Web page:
Novobiocin

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Not to be confused with the siderophore antibiotic albomycin.
Novobiocin
Novobiocin2DCSD.svg
Systematic (IUPAC) name
4-Hydroxy-3-[4-hydroxy-3-(3-methylbut-2-enyl)benzamido]-8-methylcoumarin-7-yl 3-O-carbamoyl-5,5-di-C-methyl-α-L-lyxofuranoside
Clinical data
AHFS/Drugs.com International Drug Names
Legal status ?
Routes intravenous
Pharmacokinetic data
Bioavailability negligible oral bioavailability
Metabolism excreted unchanged
Half-life 6 hours
Excretion renal
Identifiers
CAS number 303-81-1 YesY
ATCvet code QJ01XX95
PubChem CID 9346
DrugBank DB01051
ChemSpider 10226117 YesY
UNII 17EC19951N YesY
KEGG C05080 YesY
ChEMBL CHEMBL36506 YesY
Chemical data
Formula C31H36N2O11 
Mol. mass 612.624
 YesY (what is this?)  (verify)

Novobiocin, also known as albamycin or cathomycin, is an aminocoumarin antibiotic that is produced by the actinomycete Streptomyces niveus, which has recently been identified as a subjective synonym for S. spheroides[1] a member of the order Actinobacteria . Other aminocoumarin antibiotics include clorobiocin and coumermycin A1.[2] Novobiocin was first reported in the mid-1950s (then called streptonivicin).[3][4]

Clinical use[edit]

It is active against Staphylococcus epidermidis and may be used to differentiate it from the other coagulase-negative Staphylococcus saprophyticus, which is resistant to novobiocin, in culture.

Novobiocin was licenced for clinical use under the tradename Albamycin (Pharmacia And Upjohn) in the 1960s. Its efficacy has been demonstrated in preclinical and clinical trials.[5][6] The oral form of the drug has since been withdrawn from the market due to lack of efficacy.[7] Novobiocin is effective antistaphylococcal agent used in the treatment of MRSA.[8]

Mechanism of action[edit]

The molecular basis of action of novobiocin, and other related drugs clorobiocin and coumermycin A1 has been examined.[2][9][10][11][12] Aminocoumarins are very potent inhibitors of bacterial DNA gyrase and work by targeting the GyrB subunit of the enzyme involved in energy transduction. Novobiocin as well as the other aminocoumarin antibiotics act as competitive inhibitors of the ATPase reaction catalysed by GyrB. The potency of novobiocin is considerably higher than that of the fluoroquinolones that also target DNA gyrase, but at a different site on the enzyme. The GyrA subunit is involved in the DNA nicking and ligation activity.

Structure[edit]

Novobiocin is an aminocoumarin. Novobiocin may be divided up into three entities; a benzoic acid derivative, a coumarin residue, and the sugar novobiose.[9] X-ray crystallographic studies have found that the drug-receptor complex of Novobiocin and DNA Gyrase shows that ATP and Novobiocin have overlapping binding sites on the gyrase molecule.[13] The overlap of the coumarin and ATP-binding sites is consistent with aminocoumarins being competitive inhibitors of the ATPase activity.[14]

Structure–activity relationship[edit]

In structure activity relationship experiments it was found that removal of the carbamoyl group located on the novobiose sugar lead to a dramatic decrease in inhibitory activity of novobiocin.[14]

Biosynthesis[edit]

This aminocoumarin antibiotic consists of three major substituents. The 3-dimethylallyl-4-hydroxybenzoic acid moiety, known as ring A, is derived from prephenate and dimethylallyl pyrophosphate. The aminocoumarin moiety, known as ring B, is derived from L-tyrosine. The final component of novobiocin is the sugar derivative L-noviose, known as ring C, which is derived from glucose-1-phosphate. The biosynthetic gene cluster for novobiocin was identified by Heide and coworkers in 1999 (published 2000) from Streptomyces spheroides NCIB 11891.[15] They identified 23 putative open reading frames (ORFs) and more than 11 other ORFs that may play a role in novobiocin biosynthesis.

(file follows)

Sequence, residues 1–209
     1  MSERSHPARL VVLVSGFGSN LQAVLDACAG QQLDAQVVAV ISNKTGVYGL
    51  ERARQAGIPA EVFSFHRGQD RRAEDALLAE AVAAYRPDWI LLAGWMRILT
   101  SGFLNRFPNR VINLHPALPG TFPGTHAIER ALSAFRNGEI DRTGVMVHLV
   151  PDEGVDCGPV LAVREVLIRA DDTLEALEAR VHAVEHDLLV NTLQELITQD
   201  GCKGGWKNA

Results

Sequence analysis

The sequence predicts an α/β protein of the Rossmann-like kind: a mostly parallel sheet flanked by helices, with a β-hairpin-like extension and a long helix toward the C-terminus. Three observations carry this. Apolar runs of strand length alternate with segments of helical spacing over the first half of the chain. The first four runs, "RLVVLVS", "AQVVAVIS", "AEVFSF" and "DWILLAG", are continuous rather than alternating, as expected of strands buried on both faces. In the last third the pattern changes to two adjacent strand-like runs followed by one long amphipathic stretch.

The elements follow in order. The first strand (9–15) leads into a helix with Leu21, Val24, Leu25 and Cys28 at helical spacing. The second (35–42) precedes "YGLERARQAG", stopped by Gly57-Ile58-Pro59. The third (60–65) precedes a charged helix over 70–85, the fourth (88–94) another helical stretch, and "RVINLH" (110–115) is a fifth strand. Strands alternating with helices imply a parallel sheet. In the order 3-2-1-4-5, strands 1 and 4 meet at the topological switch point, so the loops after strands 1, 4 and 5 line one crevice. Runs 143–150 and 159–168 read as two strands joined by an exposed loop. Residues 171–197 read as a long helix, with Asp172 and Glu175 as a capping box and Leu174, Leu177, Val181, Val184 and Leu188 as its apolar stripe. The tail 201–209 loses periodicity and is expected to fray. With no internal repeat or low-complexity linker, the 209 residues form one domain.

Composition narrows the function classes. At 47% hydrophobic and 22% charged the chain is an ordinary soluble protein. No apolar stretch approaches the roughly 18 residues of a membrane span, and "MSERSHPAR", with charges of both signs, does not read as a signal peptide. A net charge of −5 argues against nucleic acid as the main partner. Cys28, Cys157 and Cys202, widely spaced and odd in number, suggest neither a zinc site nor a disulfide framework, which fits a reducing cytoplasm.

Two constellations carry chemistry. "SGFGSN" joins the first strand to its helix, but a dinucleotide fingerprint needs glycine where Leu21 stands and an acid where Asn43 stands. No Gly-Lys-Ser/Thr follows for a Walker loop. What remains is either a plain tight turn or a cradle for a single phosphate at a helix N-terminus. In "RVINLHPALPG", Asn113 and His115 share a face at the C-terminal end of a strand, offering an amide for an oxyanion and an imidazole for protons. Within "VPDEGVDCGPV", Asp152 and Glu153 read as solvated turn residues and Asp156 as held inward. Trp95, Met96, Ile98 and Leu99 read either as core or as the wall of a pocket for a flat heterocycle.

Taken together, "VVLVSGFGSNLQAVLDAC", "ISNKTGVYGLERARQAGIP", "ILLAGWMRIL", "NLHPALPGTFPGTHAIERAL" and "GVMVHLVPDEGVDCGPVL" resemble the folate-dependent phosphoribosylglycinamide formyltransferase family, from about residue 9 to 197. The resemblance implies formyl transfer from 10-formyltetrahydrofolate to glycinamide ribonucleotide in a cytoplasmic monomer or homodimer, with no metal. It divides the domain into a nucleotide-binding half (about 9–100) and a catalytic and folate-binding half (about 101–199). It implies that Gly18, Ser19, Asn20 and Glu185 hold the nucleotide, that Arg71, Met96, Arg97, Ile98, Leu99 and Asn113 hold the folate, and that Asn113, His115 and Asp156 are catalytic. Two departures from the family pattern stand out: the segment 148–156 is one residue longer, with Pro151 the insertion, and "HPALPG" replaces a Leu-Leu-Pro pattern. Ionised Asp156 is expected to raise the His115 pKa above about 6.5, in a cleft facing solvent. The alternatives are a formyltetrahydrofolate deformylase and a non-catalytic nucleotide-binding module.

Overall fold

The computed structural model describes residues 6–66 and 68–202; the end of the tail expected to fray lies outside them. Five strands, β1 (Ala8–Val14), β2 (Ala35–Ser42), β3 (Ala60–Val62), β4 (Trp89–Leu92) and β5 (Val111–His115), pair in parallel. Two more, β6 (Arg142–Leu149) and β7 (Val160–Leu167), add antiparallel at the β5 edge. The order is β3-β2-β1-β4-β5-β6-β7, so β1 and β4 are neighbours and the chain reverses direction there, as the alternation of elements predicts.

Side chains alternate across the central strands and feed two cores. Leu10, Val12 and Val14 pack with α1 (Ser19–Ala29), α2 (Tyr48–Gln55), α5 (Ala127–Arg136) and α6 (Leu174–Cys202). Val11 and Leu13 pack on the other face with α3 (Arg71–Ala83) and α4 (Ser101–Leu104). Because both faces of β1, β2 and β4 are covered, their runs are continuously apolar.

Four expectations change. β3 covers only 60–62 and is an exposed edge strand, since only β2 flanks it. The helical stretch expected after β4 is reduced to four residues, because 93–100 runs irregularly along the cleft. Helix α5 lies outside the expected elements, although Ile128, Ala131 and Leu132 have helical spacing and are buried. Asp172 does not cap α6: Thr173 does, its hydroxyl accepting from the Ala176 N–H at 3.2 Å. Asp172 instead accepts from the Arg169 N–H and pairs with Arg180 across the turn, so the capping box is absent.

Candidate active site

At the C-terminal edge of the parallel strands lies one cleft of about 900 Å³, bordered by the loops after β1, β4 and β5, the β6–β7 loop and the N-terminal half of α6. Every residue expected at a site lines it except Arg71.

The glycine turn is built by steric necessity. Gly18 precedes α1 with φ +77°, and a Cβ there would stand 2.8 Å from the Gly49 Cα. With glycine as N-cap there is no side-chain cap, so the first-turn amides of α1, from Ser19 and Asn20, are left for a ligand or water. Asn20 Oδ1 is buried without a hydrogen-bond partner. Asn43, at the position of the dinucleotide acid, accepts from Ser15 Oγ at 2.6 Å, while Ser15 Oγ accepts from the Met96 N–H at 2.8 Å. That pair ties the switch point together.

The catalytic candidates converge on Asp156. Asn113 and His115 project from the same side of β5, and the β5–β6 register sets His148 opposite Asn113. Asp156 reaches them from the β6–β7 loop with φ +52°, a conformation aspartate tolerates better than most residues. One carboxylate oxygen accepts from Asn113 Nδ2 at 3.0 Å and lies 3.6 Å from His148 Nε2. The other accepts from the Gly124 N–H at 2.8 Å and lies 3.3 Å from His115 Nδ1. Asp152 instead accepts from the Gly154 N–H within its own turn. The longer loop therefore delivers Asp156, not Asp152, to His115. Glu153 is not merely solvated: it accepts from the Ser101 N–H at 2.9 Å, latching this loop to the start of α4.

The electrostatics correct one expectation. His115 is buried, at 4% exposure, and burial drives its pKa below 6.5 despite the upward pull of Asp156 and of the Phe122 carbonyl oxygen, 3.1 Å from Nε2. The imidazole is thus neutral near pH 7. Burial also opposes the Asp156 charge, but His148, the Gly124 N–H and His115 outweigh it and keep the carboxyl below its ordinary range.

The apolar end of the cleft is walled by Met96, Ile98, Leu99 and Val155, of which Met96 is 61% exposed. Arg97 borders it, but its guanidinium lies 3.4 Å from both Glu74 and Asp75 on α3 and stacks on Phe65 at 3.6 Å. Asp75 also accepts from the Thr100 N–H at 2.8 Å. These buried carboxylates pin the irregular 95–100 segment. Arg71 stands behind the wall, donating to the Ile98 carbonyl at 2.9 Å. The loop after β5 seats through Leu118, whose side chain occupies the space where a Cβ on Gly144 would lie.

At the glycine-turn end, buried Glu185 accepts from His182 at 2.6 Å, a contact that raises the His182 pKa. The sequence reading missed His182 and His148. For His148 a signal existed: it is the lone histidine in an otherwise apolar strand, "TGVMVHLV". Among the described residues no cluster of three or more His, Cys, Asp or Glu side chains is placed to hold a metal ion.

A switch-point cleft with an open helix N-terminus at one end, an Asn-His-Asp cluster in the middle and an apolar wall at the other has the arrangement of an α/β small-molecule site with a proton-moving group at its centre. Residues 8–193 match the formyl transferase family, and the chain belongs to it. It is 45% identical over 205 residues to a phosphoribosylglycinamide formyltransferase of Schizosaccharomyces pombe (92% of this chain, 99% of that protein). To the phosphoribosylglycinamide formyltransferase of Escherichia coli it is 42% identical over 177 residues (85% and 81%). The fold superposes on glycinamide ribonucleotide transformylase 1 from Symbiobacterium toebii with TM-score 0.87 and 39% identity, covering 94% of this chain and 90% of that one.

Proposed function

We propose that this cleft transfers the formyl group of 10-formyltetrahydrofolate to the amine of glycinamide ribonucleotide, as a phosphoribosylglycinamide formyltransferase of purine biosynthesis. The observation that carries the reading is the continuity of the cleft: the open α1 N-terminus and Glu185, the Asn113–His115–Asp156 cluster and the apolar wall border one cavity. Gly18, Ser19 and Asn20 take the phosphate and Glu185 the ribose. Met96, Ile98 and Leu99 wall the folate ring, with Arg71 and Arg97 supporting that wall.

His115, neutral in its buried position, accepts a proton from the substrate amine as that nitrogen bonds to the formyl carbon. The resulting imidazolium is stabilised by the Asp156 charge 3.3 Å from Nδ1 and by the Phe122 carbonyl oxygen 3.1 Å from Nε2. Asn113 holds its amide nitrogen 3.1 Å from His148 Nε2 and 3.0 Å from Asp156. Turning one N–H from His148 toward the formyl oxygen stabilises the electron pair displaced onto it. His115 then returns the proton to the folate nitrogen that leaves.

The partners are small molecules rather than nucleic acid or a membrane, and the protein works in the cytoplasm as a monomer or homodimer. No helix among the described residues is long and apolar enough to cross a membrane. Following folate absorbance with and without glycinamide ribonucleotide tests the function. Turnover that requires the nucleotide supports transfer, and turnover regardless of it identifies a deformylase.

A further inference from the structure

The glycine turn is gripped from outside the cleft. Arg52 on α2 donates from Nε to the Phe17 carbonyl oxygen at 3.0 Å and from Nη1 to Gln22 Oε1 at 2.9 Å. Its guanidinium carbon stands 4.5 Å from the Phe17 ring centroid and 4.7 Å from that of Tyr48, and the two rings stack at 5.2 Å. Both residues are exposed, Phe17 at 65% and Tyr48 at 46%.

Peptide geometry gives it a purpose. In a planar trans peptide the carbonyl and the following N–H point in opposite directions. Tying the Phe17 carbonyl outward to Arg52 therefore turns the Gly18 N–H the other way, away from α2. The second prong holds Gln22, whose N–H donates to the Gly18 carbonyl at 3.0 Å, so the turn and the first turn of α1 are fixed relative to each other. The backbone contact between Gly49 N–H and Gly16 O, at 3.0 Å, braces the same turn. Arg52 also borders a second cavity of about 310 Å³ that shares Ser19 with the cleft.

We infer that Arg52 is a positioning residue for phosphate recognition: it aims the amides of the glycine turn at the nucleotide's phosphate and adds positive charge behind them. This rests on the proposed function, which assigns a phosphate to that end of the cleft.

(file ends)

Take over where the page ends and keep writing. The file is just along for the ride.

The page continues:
The biosynthesis of ring A (see Fig. 1) begins with prephenate which is a derived from the shikimic acid biosynthetic pathway. The enzyme NovF catalyzes the decarboxylation of prephenate while simultaneously reducing nicotinamide adenine dinucleotide phosphate (NADP+) to produce NADPH. Following this NovQ catalyzes the electrophilic substitution of the phenyl ring with dimethylallyl pyrophosphate (DMAPP) otherwise known as prenylation.[16] DMAPP can come from either the mevalonic acid pathway or the deoxyxylulose biosynthetic pathway. Next the 3-dimethylallyl-4-hydroxybenzoate molecule is subjected to two oxidative decarboxylations by NovR and molecular oxygen.[17] NovR is a non-heme iron oxygenase with a unique bifunctional catalysis. In the first stage both oxygens are incorporated from the molecular oxygen while in the second step only one is incorporated as determined by isotope labeling studies. This completes the formation of ring A.

Figure 1. Biosynthesis of 3-dimethylallyl-4-hydroxybenzoic acid component of novobiocin (ring A). Note: Image contains multiple errors in chemical structure

The biosynthesis of ring B (see Fig. 2) begins with the natural amino acid L-tyrosine. This is then adenylated and thioesterified onto the peptidyl carrier protein (PCP) of NovH by ATP and NovH itself.[18] NovI then further modifies this PCP bound molecule by oxidizing the β-position using NADPH and molecular oxygen. NovJ and NovK form a heterodimer of J2K2 which is the active form of this benzylic oxygenase.[19] This process uses NADP+ as a hydride acceptor in the oxidation of the β-alcohol. This ketone will prefer to exist in its enol tautomer in solution. Next a still unidentified protein catalyzes the selective oxidation of the benzene (as shown in Fig. 2). Upon oxidation this intermediate will spontaneously lactonize to form the aromatic ring B and lose NovH in the process.

Figure 2. Biosynthesis of 3-amino-4,7-dihydroxy-2H-chromen-2-one component of novobiocin (ring B)

The biosynthesis of L-noviose (ring C) is shown in Fig. 3. This process starts from glucose-1-phosphate where NovV takes dTTP and replaces the phosphate group with a dTDP group. NovT then oxidizes the 4-hydroxy group using NAD+. NovT also accomplishes a dehydroxylation of the 6 position of the sugar. NovW then epimerizes the 3 position of the sugar.[20] The methylation of the 5 position is accomplished by NovU and S-adenosyl methionine (SAM). Finally NovS reduces the 4 position again to achieve epimerization of that position from the starting glucose-1-phosphate using NADH.

Figure 3. Biosynthesis of L-noviose component of novobiocin (ring C)